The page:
There is a visionary, an activist, a raider, and a gambler in the house, all with cool names. You just need to match them up.
Elon Musk, a Steve Jobs-like visionary, with tremendous personal charisma, will have to eventually prove that he is the new Steve Jobs by actually delivering an iPhone-like product. Ironically, Tesla turned out to be both the best blessing and the worst curse for Musk.
Carl Icahn, a controversial, but effective corporate raider, has successfully “persuaded” AIG to spin off most of their high-risk assets in an attempt to exit the designation of “SIFI.” Icahn’s best investment, appropriately named Icahn Enterprises, returned 31% a year between 1968 and 2011. It outpaced the Oracle himself, Warren Buffett, who managed 20% annually over the same period. Of course, his worst investment is the $320 million Blockbuster, which busted and fell all the way into bankruptcy.
Bill Ackman embodies the term “activist investor.” His best investment was General Growth Properties. He bought in at 25 cents a share in 2008 and sold it at $27.50 in 2015, resulting an insane 10,900% return. On the other hand, his accruing $500 million dollar loss on Herbalife shorts pales in comparison to his accruing $2 billion loss on Valeant Pharmaceuticals longs. Imagine Ackman waking up every morning feeling the pain of a “double whammy.”
Nobody can compete with the infamous hedge fund manager, Philip Falcone, for both glories and banes. Falcone made his name by scoring on his $15 billion “big short” bet against subprime mortgages in 2007, netting $1.7 billion for himself. In 1980, the Hunt Brothers had profited from cornering the silver market. 26 years later, Falcone followed the same brilliant suit, albeit illegal, by short-squeezing MAAX bonds. Although his repayment of $6.5 million in personal profits amounted to less than one day’s pay, just like the Hunt Brothers, Falcone was convicted for securities fraud by the SEC and banned from the securities industry for five years.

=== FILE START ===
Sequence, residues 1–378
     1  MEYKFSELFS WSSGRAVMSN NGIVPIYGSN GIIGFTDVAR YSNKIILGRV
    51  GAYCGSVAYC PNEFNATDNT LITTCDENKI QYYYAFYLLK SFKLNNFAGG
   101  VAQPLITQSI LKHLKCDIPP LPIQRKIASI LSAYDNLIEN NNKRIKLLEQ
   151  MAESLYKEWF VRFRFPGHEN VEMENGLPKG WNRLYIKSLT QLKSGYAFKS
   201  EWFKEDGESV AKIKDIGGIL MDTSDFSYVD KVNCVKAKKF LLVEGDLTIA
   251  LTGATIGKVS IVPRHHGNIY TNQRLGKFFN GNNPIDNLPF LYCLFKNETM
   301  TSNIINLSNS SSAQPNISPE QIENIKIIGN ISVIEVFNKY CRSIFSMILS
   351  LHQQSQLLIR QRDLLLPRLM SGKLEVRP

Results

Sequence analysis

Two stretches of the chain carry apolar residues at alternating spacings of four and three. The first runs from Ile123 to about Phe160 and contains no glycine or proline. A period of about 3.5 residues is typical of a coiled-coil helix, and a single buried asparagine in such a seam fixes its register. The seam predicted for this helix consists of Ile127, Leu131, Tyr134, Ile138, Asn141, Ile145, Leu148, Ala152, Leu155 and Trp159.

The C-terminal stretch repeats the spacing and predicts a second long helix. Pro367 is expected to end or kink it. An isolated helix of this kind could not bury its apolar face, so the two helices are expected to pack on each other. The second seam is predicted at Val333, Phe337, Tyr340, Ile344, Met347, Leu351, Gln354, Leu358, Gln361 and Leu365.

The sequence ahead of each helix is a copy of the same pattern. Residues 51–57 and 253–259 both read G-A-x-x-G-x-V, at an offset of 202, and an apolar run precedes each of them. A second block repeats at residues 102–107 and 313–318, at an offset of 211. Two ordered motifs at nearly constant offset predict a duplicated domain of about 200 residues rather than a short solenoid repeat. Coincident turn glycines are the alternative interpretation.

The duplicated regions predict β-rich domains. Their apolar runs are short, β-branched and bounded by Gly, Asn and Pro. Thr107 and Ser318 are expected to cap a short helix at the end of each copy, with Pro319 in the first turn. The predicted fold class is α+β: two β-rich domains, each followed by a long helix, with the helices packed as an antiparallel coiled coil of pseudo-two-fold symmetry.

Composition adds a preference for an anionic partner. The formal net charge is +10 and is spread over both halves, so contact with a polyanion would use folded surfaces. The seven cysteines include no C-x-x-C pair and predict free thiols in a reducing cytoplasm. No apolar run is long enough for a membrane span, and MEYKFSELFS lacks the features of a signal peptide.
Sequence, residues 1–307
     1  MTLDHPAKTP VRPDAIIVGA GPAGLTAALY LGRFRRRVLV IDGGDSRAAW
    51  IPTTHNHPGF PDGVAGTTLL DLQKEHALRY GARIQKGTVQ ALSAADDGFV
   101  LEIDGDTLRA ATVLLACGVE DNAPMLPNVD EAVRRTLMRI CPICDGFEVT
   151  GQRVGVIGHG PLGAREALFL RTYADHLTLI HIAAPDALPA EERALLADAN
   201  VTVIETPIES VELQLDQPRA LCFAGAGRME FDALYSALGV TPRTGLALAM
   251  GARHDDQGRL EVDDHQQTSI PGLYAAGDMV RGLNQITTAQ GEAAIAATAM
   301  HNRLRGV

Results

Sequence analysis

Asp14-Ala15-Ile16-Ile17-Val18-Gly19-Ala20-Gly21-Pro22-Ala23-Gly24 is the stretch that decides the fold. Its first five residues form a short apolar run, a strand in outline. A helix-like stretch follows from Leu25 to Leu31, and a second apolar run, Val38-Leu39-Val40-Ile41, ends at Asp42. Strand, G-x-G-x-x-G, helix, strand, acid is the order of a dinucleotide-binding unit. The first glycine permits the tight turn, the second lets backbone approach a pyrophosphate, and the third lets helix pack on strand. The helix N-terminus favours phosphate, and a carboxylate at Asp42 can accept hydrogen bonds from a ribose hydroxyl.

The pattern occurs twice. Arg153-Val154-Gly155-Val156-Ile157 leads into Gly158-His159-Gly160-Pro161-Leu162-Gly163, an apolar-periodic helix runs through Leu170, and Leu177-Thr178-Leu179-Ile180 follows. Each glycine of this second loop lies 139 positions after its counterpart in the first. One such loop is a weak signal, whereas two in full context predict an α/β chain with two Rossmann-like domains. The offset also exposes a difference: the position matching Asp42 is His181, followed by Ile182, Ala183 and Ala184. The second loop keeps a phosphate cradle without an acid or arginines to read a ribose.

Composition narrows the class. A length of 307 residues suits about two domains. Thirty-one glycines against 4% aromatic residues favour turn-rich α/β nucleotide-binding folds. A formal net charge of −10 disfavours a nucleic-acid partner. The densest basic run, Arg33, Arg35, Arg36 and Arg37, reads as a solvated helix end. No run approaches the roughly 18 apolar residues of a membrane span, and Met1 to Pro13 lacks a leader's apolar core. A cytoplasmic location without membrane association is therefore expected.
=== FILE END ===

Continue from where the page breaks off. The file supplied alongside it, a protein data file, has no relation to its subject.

Last time we checked, Falcone had attempted a “third act” by offering a $1 billion cash offer to acquire The Andersons, a grain trader, in May of 2016.
Ackman is notoriously famous in talking down the stock he is shorting. Musk is good at talking up the stock that everyone else is shorting. There is such a thing called the “Elon Musk Premium,” though Musk must know its wearing thin. Icahn is brilliant in “mediatizing” his causes, just or not. All of them are masters in manipulating media.
“There is no difference among greatness,” said K. C. Ma, Professor of Finance and Director of Roland George Program at Stetson University, DeLand, Florida.
“All of them are extremely impatient with others’ speeds.
They are highly demanding of themselves and easily frustrated when the rest cannot do the same.
They all have this relentless, almost obsessive, drive to always be the best at whatever they do.
They never accept that problems can’t be solved, yet, quickly accept their own failures.
They lick their wounds promptly and move on to the next innovation,” Ma said.
These are all signs of genius.
“In order to make exuberant amounts of money in the investment world, they all have to constantly test the line between morality and legality, and sometimes fail.
They often talk up their net worth, such as rounding up $2.5 billion to $11 billion.
They all have the uncanny ability to brag about their games even as their investments are literally tanking at the same time.
They are self-centered, egotistic, cocky, and borderline narcissistic.” Ma said.
These are all signs of genius.
Disclaimers: The Roland George Investments Program Growth Portfolio does not have any positions, long or short, in Apple, Tesla, SolarCity, Herbalife, General Growth Properties, Valeant Pharmaceuticals, MAAX, HC2, Icahn Enterprises, or Pershing Square. If I offended Elon Musk, Carl Icahn, Bill Ackman, or Phil Falcone, I apologize.